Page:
Classification of WAS
Epidemiology & Disease Mechanism
Treatment of WAS
Coping with WAS
Classification of WAS
A system of scoring described in 1995 by Zhu et al1 was the first attempt to use a numerical score to describe the severity of the disease based on the symptoms shown by the patient. The 2009 classification shown below is built upon the classification originally proposed by Dr. Zhu. It may take up to two years for an infant with a severe WASp mutation to present with the severe WAS characteristics. Therefore, if the patient has a WAS mutation that is predicted to be severe, but has a clinical scoring of 1-2.5, it is prudent to consider this score as indeterminate until the patient is 2 years old.
IXLT- Intermittent XLT
-/(+) absent or mild, (+) mild, transient eczema or mild transient infections not resulting in sequelae, + persistent, but therapy responsive eczema and recurrent infections requiring antibiotics and often intravenous immunoglobulin prophylaxis, ++ eczema that is difficult to control and severe threatening infections. Because patients with XLT may develop autoimmune disorders or lymphoma, albeit at a lower rate than those with Classic WAS, progression from a score of 1 or 2 to a 5 is possible for XLT.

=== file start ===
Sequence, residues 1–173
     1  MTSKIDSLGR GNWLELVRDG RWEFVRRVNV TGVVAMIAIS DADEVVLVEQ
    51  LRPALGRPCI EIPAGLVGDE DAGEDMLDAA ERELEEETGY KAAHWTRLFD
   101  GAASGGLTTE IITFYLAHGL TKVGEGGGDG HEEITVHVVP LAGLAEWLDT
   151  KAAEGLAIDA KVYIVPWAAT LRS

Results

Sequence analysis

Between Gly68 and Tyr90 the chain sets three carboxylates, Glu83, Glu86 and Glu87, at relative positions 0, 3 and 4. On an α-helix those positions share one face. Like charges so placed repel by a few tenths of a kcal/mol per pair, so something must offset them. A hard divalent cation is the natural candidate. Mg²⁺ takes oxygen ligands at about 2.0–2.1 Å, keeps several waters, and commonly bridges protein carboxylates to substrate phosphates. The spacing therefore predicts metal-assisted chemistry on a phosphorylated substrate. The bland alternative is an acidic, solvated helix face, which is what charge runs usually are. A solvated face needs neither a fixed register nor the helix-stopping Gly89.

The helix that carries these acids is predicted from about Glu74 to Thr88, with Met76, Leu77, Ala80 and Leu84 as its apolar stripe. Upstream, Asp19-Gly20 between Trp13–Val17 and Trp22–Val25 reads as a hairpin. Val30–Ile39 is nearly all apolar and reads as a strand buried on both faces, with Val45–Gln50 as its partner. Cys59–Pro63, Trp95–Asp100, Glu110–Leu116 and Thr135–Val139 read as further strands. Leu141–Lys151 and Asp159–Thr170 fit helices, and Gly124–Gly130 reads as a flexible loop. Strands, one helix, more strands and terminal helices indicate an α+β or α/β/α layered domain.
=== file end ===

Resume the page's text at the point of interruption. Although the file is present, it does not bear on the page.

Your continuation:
Courtesy: Biology of Blood and Marrow Transplantation
Patients who have a score of 5 are sub classified as 5A and 5M 3
5A - Patients with Classic WAS or XLT who have developed one or more autoimmune disorders
5M - Patients with Classic WAS or XLT who have developed a malignancy
1. Zhu Q, Zhang M, Blaese RM, Derry JM, Junker A, Francke U, Chen SH, Ochs HD. The Wiskott_Aldrich Syndrome and X LInked Congenital Thrombocytopenia are caused by mutations in the same gene. Blood. 1995 Nov 15;86(10):3797-804.
2. Ochs HD, Filipovich AH, Veys P, Cowan MJ, Kapoor N. Wiskott-Aldrich Syndrome: Diagnosis, Clinical and Laboratory Manifestations, and Treatment.
Biol Blood Marrow Transplant. 2008 Jan;15(1 Suppl):84-90.
3. Bosticardo M, Marangoni F, Aiuti A, Villa A, Roncarolo MG. Recent advances in understanding the pathophysiology of Wiskott-Aldrich syndrome. Blood. 2009 Apr 7.